Disruption doesn't come much bigger than the iPhone. When Steve Jobs stepped on stage to announce Apple's smartphone in 2007, Microsoft was the world's second biggest company behind Exxon-Mobil. It was the leading technology company.
Steve Ballmer, Microsoft's CEO at the time, dismissed the iPhone, telling reporters it would never sell to business users because it doesn't have a keyboard.
In 2007 Apple's market capitalisation was half of Microsoft's. It took the company four years to beat Microsoft on revenue, profits and market capitalisation. Today, Apple is the world's most valuable company.
Thanks to the iPhone and the iPad PC sales stumbled. Not only was Microsoft no longer the largest technology company, it had gone from being a significant mobile player to being an also-ran. Analysts and industry pundits wondered if Microsoft had lost its edge. For a while even Microsoft employees had their doubts.
Microsoft New Zealand chief marketing and operations officer Frazer Scott worked for the company throughout this period. He says on one level disruption is business as normal in the technology sector. "Everything disrupts, all of the time. We've done our own share of disrupting too," he says.
And yet the arrival of the iPhone was on quite a different scale. It rocked the entire tech sector. Today Microsoft is back on track. Its market capitalisation is almost twice the 2010 level and a new CEO, Satya Nadella, has given the company renewed energy and turned its focus on some of technology's most exciting growth areas.
Scott says there are four technology megatrends that are changing the landscape and they are all still at a nascent stage: social media, mobility, big data or analytics, and cloud computing. Microsoft is a leader in cloud technology and one of those chasing mobility.
"There's also a move towards everything as a service. We talk of software as a service, platform as service and infrastructure as a service. But it doesn't end there. Spotify is delivering music as a service and Uber has disrupted the taxi industry with what amounts to transport as a service."
Before the iPhone most people would think of Microsoft as the PC software company or the Xbox company. They were only the most visible parts of the business. Much of Microsoft's revenues were earned behind the scenes servicing large corporations. Scott says: "90 per cent the business is stuff you don't see everyday."
Under Ballmer the company responded to the iPhone by first partnering with Nokia, then buying Nokia's smartphone division to make devices using a phone version of Microsoft's Windows software. It also developed and made the Surface, which sits somewhere between iPad style tablets and laptop computers.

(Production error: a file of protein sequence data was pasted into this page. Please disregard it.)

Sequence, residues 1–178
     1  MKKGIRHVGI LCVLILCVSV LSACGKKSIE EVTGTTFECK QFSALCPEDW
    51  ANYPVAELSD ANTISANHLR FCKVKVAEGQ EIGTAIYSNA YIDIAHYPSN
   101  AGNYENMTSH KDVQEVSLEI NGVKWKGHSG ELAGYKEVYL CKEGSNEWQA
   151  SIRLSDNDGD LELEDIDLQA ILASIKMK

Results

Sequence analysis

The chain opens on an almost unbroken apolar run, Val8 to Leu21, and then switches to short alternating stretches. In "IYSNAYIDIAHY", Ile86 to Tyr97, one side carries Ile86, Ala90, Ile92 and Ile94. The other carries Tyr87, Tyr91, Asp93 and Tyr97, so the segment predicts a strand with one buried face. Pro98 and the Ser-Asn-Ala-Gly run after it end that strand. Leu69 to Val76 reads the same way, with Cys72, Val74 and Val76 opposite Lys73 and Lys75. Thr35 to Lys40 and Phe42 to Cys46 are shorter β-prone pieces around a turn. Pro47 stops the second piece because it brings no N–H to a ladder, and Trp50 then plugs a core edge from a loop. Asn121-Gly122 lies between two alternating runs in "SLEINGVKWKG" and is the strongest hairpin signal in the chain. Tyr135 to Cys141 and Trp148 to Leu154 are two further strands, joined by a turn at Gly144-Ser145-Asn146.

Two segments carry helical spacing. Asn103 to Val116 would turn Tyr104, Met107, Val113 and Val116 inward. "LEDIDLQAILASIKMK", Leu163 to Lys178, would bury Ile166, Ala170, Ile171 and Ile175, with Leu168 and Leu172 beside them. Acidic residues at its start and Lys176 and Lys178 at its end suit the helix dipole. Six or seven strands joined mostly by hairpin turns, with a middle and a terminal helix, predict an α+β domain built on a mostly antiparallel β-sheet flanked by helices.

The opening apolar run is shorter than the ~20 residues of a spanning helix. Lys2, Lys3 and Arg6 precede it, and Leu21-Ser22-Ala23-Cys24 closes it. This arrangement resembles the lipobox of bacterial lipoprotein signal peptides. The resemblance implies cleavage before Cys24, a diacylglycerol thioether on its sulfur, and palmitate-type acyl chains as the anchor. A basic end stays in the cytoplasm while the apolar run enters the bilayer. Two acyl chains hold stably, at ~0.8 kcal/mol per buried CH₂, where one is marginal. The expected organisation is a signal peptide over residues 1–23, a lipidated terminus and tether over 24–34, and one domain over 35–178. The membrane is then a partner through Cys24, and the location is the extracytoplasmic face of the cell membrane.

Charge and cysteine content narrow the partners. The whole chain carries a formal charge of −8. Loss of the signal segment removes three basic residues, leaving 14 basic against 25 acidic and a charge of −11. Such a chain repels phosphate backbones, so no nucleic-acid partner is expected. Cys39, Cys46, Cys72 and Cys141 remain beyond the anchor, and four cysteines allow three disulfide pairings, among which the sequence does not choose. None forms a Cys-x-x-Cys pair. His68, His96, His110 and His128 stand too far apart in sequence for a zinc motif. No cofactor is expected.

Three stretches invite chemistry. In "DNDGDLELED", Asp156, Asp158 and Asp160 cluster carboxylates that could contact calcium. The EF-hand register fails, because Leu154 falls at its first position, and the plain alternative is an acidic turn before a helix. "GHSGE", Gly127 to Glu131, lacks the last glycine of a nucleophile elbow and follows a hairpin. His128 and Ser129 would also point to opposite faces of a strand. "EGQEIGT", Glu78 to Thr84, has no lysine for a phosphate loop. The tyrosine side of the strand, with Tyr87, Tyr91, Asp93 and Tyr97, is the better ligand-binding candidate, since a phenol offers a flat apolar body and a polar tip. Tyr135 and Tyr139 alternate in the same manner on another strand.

Two years ago Ballmer told the world Microsoft was now a devices and services business. Under Nadella it has repositioned to concentrate on platforms and productivity. Scott says at Microsoft platforms means something others can built on, so Windows and Xbox are platforms, so is Azure Microsoft's cloud service.
Nadella came up through Microsoft's cloud operation.
Scott says cloud computing is not for the faint-hearted: "You need a huge amount of capital to get in the game and more to stay ahead." Last year Microsoft spent US$4 billion on cloud capital. He says that eventually there will only be a handful of global players and Microsoft aims to be one of them.
At the moment Microsoft is the second largest cloud player. It may be a long way behind Amazon's AWS in terms of market share, but Scott says the company is making money in the cloud; AWS has yet to turn a profit.
The new CEO has been quick to apply lessons learnt from cloud computing. Within weeks of taking the job he released iPad versions of Microsoft Office apps the company had been sitting on. They were well received by the market.
Since then, Microsoft has delivered free, full function iPad Office apps and Android versions. It now gives paying customers unlimited cloud storage accounts. Last month Nadella open-sourced -- that is, made the code available -- Microsoft.Net technology. The company also cut deals putting SAP on Azure and linking Office to Dropbox. It has opened itself up to the market, making its products more compelling in the process.
Scott says inside the company the most noticeable difference is the speed of change. "We're competing with people that were born in this market. They have shorter development cycles, more agility and tighter gross profit margins. We had to reinvent ourselves quickly."
This has already paid off. Microsoft shares have climbed 30 per cent in the last year.